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12/06/96 PEOPLE STATE ILLINOIS v. JOAN E. BRUNER

APPELLATE COURT OF ILLINOIS, FOURTH DISTRICT


December 6, 1996

THE PEOPLE OF THE STATE OF ILLINOIS, PLAINTIFF-APPELLANT,
v.
JOAN E. BRUNER, DEFENDANT-APPELLEE.

Appeal from Circuit Court of Macon County. No. 95CF1110. Honorable John K. Greanias, Judge Presiding.

As Corrected January 3, 1997. Released for Publication December 6, 1996.

Honorable James A. Knecht, J., Honorable Robert W. Cook, J. - Concur, Honorable Frederick S. Green, J. - Concur. Justice Knecht delivered the opinion of the court.

The opinion of the court was delivered by: Knecht

JUSTICE KNECHT delivered the opinion of the court:

Defendant, Joan E. Bruner, was charged in the circuit court of Macon County with unlawful use of weapons and unauthorized possession of weapons in violation of sections 24-1(a)(4) and 21-6(a) of the Criminal Code of 1961 (Code) (720 ILCS 5/24-1(a)(4), 21-6(a) (West 1994)). Defendant filed a motion to dismiss count I for unlawful use of weapons alleging it did not state an offense as charged because defendant was exempt from criminal responsibility under section 24-2(i) of the Code (720 ILCS 5/24-2(i) (West 1994)) due to the fact the gun in her possession was unloaded; it was in a case, and she possessed a valid firearm owners identification (FOID) card. The trial court dismissed count I and the State has appealed. We affirm.

The facts are undisputed. Defendant came to the Macon County courthouse on a small claims matter. At the security checkpoint she handed her purse to the deputy and proceeded through the checkpoint. The deputy examined her purse and discovered an unloaded gun in a case and a valid FOID card. Defendant was then charged with the felony offense of unlawful use of weapons (see 720 ILCS 5/24-1(a)(4) (West 1994)) and also a misdemeanor charge for bringing a gun into a publicly funded building without permission of the security officer (see 720 ILCS 5/21-6(a) (West 1994)).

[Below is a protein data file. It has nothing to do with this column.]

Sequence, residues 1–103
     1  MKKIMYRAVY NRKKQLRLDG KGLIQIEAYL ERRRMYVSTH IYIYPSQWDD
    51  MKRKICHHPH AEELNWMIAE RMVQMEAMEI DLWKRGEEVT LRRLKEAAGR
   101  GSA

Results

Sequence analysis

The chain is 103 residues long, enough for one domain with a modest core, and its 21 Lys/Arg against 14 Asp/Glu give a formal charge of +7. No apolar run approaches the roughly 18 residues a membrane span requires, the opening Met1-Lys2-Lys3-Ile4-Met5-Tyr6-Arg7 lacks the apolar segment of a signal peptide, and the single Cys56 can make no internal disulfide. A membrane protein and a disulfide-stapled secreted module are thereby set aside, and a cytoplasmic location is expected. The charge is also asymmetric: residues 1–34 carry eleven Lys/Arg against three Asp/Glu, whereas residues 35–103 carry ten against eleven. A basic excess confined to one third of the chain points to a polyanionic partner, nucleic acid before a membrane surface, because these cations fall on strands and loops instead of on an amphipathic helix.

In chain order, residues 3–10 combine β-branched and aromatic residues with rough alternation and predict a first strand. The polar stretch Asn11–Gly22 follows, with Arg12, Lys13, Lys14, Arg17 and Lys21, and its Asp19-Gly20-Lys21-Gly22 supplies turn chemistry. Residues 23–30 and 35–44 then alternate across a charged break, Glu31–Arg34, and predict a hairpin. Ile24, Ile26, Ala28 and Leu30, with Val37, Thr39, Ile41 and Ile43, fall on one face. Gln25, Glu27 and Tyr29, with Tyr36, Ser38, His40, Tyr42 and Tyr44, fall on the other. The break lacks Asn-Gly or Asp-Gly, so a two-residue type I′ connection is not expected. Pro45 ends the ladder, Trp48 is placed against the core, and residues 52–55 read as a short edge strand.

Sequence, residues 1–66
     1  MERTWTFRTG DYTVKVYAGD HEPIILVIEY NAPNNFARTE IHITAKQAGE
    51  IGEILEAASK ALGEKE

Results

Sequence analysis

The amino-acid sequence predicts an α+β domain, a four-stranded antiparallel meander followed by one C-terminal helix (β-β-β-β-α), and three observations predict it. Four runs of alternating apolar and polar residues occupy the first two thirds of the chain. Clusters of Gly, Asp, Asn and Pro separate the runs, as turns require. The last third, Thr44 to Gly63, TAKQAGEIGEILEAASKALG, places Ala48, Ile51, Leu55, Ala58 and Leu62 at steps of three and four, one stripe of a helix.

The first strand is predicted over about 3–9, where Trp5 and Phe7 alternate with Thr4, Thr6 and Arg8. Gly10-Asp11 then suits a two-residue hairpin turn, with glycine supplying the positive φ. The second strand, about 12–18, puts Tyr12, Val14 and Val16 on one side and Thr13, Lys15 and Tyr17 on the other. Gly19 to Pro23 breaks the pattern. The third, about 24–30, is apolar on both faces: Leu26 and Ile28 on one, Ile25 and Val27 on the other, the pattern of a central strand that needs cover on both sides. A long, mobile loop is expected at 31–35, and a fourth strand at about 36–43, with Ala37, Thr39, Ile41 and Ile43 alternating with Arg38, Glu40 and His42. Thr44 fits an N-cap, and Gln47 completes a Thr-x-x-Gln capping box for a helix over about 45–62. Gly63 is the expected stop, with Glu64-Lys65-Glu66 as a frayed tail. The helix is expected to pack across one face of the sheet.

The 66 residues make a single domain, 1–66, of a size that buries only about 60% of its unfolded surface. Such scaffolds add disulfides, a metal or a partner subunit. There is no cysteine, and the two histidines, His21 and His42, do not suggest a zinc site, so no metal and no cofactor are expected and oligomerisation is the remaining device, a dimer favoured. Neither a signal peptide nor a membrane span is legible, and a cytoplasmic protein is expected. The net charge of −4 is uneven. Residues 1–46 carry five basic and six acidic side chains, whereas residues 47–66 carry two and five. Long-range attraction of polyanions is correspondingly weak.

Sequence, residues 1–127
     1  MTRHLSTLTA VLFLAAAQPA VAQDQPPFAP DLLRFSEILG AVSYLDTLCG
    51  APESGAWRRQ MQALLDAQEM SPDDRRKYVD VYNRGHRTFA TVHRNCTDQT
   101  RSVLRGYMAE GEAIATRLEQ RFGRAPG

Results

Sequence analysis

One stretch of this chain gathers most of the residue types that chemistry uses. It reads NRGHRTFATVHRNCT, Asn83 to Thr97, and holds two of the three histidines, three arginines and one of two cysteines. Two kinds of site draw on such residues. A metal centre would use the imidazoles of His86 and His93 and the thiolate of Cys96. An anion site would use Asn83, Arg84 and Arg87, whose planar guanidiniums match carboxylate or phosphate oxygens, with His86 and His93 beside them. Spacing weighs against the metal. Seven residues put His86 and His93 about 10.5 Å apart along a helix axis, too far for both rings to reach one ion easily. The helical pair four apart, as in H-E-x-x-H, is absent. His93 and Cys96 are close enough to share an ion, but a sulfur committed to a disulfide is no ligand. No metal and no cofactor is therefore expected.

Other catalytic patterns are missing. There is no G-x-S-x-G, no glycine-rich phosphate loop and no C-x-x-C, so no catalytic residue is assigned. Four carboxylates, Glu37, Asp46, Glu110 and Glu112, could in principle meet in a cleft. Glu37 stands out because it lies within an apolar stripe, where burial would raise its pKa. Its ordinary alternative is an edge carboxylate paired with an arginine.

Section 24-1(a)(4) of the Code prohibits the carrying of a concealed weapon, without specifying whether it is loaded or unloaded, cased or encased. Section 21-6(a) of the Code prohibits possession of a weapon whether loaded or unloaded, encased or not, broken down or not, on State or federal land "or in any building on such land without prior written permission from the chief security officer for such land." 720 ILCS 5/21-6(a) (West 1994).

Defendant filed a motion to dismiss directed to the felony charge. Count I charged defendant:

"did commit the offense of UNLAWFUL USE OF WEAPONS, in that she knowingly concealed on her person, a pistol, at a time when she was not on her own land, or in her own abode, or a fixed place of business, said pistol being carried unloaded in a case and said defendant being in possession of a valid Card, but not covered by the exemption in 720 ILCS, [sic] 5/24-2(i)."

Section 24-2(i) of the Code provides: